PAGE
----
Ask Shelley Case: The Gluten-Free & Vegetarian Diet


I am interested in eating vegetarian, at least some days of the week, but I am on a gluten-free diet. Can you give me more information about vegetarianism along with some nutritional pointers and tips to accomplish this?


What exactly is a vegetarian? Here’s a quick primer on the different types of vegetarian diets:

  • Vegetarian: avoids beef, pork,  poultry and fish
  • Vegan: avoids beef, pork, poultry, fish,  eggs, milk products and any products derived from animal products (e.g., gelatin, honey)
  • Ovo-Vegetarian: eats eggs but not dairy products, beef, pork, poultry or fish
  • Lacto-Vegetarian: eats dairy products but not eggs, beef, pork, poultry or fish
  • Lacto-Ovo Vegetarian: eats milk and eggs but not beef, pork, poultry or fish

Health Benefits: Plant based diets are high in fiber, phytochemicals (naturally occurring compounds such as antioxidants) and a variety of vitamins and minerals, plus they are low in saturated fat. Research has found that vegetarian diets are associated with a lower risk of heart disease, high blood pressure, type 2 diabetes and cancer. In addition, vegetarians tend to have a lower body mass index.

Budget Benefits: Pound for pound pulses (aka legumes- dried beans, peas and lentils), grains and even gluten-free pasta cost less than meat, fish or poultry. One of my favorite gluten-free protein-substitutes, that are also easy on the wallet, and loaded with vitamins and fiber, are pulses. Both dried and canned, they tend to be a budget and nutritional staple for gluten-free vegetarians.

One of my suggestions if you use canned beans or lentils is to drain and then rinse them off with cold water under a colander prior to eating or using in a recipe. This will reduce the sodium content by up to 40%. Rinsing can also reduce the “gassy” effect some people experience after eating beans.

Check out the recipes and tips for incorporating pulses (legumes) into the gluten-free diet that were developed by Shelley Case and Carol Fenster.

Gluten-free whole grains are also another healthy vegetarian option. Another FREE resource is  “Whole Grains and the Gluten-Free Diet” by Carol Fenster and Shelley Case. It is loaded with practical tips for getting more whole grains in your diet, nutrition information and recipes.

More Nutritional Tips for Eating Gluten-Free & Vegetarian: Like any diet, eating a variety of foods will best assure that you are getting the required nutrients your body needs to thrive. However, it is important to focus on the following key nutrients when following a vegetarian gluten-free diet. Examples of foods containing these nutrients are included:

  • Protein– pulses, soybeans, tofu, nuts, seeds, amaranth, quinoa, wild rice, teff, buckwheat, gluten-free oats, eggs and dairy products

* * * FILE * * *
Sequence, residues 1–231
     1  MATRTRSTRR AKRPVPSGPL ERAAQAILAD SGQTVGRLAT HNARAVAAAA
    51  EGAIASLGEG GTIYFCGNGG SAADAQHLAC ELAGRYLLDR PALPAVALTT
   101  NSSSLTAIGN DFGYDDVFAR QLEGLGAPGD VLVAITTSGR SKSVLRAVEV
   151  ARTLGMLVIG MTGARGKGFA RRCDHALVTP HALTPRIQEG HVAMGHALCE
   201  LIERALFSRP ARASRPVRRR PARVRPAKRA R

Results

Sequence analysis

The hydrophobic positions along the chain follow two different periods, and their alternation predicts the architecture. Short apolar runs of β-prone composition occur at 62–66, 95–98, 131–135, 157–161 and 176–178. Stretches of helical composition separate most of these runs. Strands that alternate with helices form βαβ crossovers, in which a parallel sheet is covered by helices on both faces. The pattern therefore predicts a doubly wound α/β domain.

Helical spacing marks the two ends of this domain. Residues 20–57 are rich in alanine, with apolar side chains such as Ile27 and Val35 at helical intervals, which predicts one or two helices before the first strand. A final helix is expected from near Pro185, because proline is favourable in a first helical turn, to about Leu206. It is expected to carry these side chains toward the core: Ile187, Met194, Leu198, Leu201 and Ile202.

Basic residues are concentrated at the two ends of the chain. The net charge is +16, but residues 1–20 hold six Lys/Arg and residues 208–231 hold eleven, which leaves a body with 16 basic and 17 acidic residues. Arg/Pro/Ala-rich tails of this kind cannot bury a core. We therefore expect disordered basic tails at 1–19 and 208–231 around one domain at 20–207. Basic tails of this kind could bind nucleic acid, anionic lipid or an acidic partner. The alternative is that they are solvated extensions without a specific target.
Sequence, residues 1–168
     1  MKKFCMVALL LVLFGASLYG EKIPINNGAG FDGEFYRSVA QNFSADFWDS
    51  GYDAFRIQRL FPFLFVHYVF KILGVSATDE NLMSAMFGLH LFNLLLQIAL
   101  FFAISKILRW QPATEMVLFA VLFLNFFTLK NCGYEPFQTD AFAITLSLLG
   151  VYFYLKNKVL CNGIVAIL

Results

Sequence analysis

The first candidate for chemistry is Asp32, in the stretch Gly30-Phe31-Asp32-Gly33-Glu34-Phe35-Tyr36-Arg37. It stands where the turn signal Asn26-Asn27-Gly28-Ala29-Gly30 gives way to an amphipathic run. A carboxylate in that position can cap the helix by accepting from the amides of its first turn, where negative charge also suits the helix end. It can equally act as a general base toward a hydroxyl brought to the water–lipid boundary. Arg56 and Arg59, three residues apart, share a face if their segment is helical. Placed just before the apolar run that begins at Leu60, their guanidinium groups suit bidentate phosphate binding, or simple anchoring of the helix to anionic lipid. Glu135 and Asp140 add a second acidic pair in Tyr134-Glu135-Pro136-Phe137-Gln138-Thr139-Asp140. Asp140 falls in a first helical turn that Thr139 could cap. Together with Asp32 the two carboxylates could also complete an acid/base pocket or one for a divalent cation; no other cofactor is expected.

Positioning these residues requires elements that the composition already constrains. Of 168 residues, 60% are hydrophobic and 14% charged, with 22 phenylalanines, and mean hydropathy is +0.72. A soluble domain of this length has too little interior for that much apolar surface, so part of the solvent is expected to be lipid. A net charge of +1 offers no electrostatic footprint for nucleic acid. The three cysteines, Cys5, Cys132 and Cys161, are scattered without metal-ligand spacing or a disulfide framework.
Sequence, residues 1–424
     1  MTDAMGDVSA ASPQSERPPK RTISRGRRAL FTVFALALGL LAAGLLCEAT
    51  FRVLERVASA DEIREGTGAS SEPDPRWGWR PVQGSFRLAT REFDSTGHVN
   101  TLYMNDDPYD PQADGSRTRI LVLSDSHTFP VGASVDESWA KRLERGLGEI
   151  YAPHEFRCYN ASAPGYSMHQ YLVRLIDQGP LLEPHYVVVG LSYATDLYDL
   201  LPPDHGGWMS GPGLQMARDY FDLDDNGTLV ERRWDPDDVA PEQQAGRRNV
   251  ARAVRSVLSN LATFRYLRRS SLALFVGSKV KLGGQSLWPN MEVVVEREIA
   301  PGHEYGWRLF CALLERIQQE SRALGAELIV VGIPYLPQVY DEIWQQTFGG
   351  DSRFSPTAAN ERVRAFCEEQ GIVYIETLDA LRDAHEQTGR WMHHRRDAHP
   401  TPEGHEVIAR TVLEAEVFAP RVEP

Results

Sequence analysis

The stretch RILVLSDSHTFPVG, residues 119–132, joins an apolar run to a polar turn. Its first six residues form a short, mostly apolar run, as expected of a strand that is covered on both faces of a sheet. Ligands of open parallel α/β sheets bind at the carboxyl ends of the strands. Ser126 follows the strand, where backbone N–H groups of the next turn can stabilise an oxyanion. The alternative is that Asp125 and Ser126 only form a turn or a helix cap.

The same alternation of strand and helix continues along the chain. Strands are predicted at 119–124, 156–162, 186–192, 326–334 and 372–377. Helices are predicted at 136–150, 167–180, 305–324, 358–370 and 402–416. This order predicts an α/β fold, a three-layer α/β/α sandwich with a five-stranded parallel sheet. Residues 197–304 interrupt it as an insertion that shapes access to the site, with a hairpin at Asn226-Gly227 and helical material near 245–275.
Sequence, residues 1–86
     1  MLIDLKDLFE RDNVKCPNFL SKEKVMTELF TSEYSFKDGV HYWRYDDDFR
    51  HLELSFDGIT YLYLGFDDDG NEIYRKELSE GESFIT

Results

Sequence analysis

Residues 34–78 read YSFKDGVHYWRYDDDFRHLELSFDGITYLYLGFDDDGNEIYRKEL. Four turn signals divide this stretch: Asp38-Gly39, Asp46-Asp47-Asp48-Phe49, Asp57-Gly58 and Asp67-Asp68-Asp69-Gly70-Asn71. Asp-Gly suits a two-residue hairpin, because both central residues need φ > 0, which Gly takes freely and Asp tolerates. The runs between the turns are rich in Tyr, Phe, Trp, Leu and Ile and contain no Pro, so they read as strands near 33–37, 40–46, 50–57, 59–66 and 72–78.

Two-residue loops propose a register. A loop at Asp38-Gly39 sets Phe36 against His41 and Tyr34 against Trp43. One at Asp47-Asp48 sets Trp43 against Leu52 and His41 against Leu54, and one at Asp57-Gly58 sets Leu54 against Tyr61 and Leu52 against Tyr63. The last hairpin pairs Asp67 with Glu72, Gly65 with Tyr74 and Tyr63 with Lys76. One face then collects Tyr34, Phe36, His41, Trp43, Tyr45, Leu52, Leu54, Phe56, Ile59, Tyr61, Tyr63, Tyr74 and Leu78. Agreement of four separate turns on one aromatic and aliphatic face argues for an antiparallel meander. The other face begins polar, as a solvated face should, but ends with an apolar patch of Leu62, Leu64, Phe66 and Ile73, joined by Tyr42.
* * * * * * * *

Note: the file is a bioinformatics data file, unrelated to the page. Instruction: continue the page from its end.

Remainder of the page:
• Iron– seeds (pumpkin, flax, sesame, sunflower), quinoa, amaranth, gluten-free oats, teff, sorghum, millet, soybeans, pulses, almonds, peanuts, dried apricots, prunes and raisins, cooked spinach, baked potato (with the skin), green peas, acorn squash, Brussels sprouts, blackstrap molasses, enriched gluten-free bread products, cereals and pasta.
  • Zinc- pulses, nuts, seeds, amaranth, buckwheat, teff, quinoa, gluten-free oats, wild rice, sorghum, gluten-free “Chex” brand cereals, milk, cheese and yogurt
  • Calcium- tofu made with calcium, calcium fortified orange juice, calcium fortified soy milk, chickpeas, green soybeans, collards, kale, spinach, beet greens, turnip greens, bok choy, Brazil nuts, figs, dairy products
  • Vitamin D- fortified orange juice with vitamin D and calcium, soy milk, fortified rice milk, fortified almond milk, gluten-free “Chex” brand cereals (rice, corn, honey nut, chocolate and cinnamon), eggs and milk
  • Vitamin B12soy milk, other non dairy fortified beverages (rice, almond), gluten-free “Chex” brand cereals, Glutino “Sensible Beginnings” cereal,  eggs, milk, yogurt and cheese

Learn to substitute gluten-free vegetarian options. Get creative and try your favorite recipes without meat. For example, make vegetarian chili by leaving out the ground beef and adding an extra can of black beans. Or make fajitas using extra-firm tofu rather than chicken. You may be surprised to find that many dishes require only simple substitutions to make them healthier… and even tastier too!

Discover new gluten-free & vegetarian recipes: Looking to get inspired to get cooking vegetarian? Try new recipes and see how simple eating gluten-free and vegetarian can be. One of my favorite cookbooks to help you get on the right track is “125 Gluten-Free Vegetarian Recipes” by Carol Fenster. This cookbook offers tasty and easy gluten-free and vegetarian recipes for breakfast, lunch, dinner and snacking. Here are two of my favorite recipes –  Butternut Squash Soup with Chipotle Cream and Quinoa Pilaf with Pine Nuts and Dried Fruit.  A must-have this book is available on and is available with free super-saving shipping.

Ask Shelley Case is a feature of It is published the second Tuesday of each month. Shelley Case, RD is a Consulting Dietitian, Speaker and Author of Gluten-Free Diet: A Comprehensive Resource Guide. Visit Shelley and get more gluten-free tips & info at:

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